Custard Tarts!

I had a baking weekend! Two types of bread and custard tarts. I have been fascinated by custard tarts ever since being a devotee of As Time Goes By on PBS. Lionel’s favorite was custard tarts. These pastry treats are not easily found in my grocery bakery. Nor are they a staple in many of my cookbooks. What type of custard is to be used? My two French cookbooks had several types: patisserie, baked, Chantilly, anglaise. I had recently made a pumpkin pie which is essentially a custard pie. Should I pre-bake the tart shells or could I bake the custard and the pastry at the same time? So I got out several cookbooks. I looked at the custard/pastry cream recipes. I had to choose what to do. So here’s what I did.

The Art of French Cooking suggested pastry cream for tarts. These recipes are a bit fussy. French Feasts instructions are not always clearly written. So that left (not really, I have over 50 cookbooks) Bittman’s How to Cook Everything. And his pastry cream recipe was simple and not fussy at all. The only change I made was to add the zest of one orange.

  • 2/3 cup sugar
  • 2 tablespoons all-purpose flour
  • 2 tablespoons cornstarch
  • pinch of salt
  • 2 eggs or 4 egg yolks (I used two eggs)
  • 2 cups cream, half-and=half, or whole milk (I used light cream)
  • 2 tablespoons unsalted butter
  • 2 teaspoons vanilla extract
  • zest from one orange (my addition)
  • orange marmalade for glaze (my addition)
  • 4 tart shells; I used a refrigerated pie shell and cut it into four to line four individual tart pans. Pre-bake these.

Do you notice a theme of “2s”?

My successful blind baked tart shells. I used parchment filled with beans to hold the shells in place and to prevent shrinkage.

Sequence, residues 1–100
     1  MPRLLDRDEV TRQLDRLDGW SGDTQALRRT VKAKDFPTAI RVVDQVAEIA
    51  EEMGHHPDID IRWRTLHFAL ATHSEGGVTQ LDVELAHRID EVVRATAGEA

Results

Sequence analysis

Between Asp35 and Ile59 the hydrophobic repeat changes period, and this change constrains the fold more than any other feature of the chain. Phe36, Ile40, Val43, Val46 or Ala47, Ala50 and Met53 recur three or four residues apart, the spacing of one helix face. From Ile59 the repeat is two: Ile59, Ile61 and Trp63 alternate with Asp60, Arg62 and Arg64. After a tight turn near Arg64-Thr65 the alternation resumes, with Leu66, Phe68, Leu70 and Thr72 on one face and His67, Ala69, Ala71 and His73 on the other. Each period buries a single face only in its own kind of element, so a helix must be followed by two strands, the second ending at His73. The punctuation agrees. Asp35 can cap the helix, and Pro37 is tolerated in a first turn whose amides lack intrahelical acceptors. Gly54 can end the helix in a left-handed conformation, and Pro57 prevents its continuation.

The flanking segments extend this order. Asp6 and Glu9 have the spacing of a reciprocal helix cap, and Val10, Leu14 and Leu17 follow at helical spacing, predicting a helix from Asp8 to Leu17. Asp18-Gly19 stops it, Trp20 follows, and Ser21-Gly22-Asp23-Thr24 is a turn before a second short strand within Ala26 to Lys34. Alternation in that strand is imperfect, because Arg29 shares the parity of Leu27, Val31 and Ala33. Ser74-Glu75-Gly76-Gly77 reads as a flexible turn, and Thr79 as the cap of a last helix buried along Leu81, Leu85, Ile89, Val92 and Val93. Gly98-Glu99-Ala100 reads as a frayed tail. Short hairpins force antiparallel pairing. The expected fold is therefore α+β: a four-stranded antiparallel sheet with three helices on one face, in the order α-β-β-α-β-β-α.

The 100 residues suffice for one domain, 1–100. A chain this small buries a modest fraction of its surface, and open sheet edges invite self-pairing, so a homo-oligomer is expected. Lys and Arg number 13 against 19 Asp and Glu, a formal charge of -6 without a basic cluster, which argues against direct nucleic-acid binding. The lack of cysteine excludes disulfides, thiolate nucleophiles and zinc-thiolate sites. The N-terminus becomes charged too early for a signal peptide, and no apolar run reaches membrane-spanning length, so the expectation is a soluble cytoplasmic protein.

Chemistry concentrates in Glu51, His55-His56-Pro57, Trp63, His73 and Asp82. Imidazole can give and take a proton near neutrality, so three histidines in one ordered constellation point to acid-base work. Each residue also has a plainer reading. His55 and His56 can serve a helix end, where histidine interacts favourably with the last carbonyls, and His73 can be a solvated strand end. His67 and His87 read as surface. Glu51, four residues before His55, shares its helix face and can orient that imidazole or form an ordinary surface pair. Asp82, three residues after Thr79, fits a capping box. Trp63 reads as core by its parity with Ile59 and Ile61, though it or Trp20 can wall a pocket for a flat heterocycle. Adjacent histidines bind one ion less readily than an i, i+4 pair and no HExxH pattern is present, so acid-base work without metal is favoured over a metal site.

In a saucepan combine the dry ingredients. In another bowl mix the eggs with the cream. Whisk the egg mixture into the dry ingredients over medium heat for about ten minutes whisking constantly to prevent lumps. This will thicken. The test for readiness is when the mixture coats a spoon and when you draw a line through the coating the line will hold its shape. Remove from heat and stir in butter and extract and zest. The butter will melt. Let this cool to room temperature before filling the shells.

I filled the four tart shells and had a cup of pastry cream leftover. I think this amount of cream would fill a 9 inch pie, or 2 more individual tarts. I then melted a small amount of orange marmalade to spoon onto each tart for added orange flavor and to make them pretty. I then grated a very small amount of dark chocolate on top. Chocolate curls would have also been nice. I put these in the fridge to set for about an hour. I then popped them, carefully, out of the tart pan and placed them on a platter to serve.

They kind of look like poached eggs!
The first day we each had half. The next day we each ate a whole one.

And here are pictures of the breads. These were not so successful. Eaten when first baked but then left alone. They seemed underbaked and either overproofed or underproofed. I think I will buy fresh yeast before trying bread again.

8 thoughts on “Custard Tarts!

  1. Your baked tart shells turned out wonderfully. I always have problems with shrinkage when I pre-bake pastry shells. It looks like the process that you used with the beans worked well.

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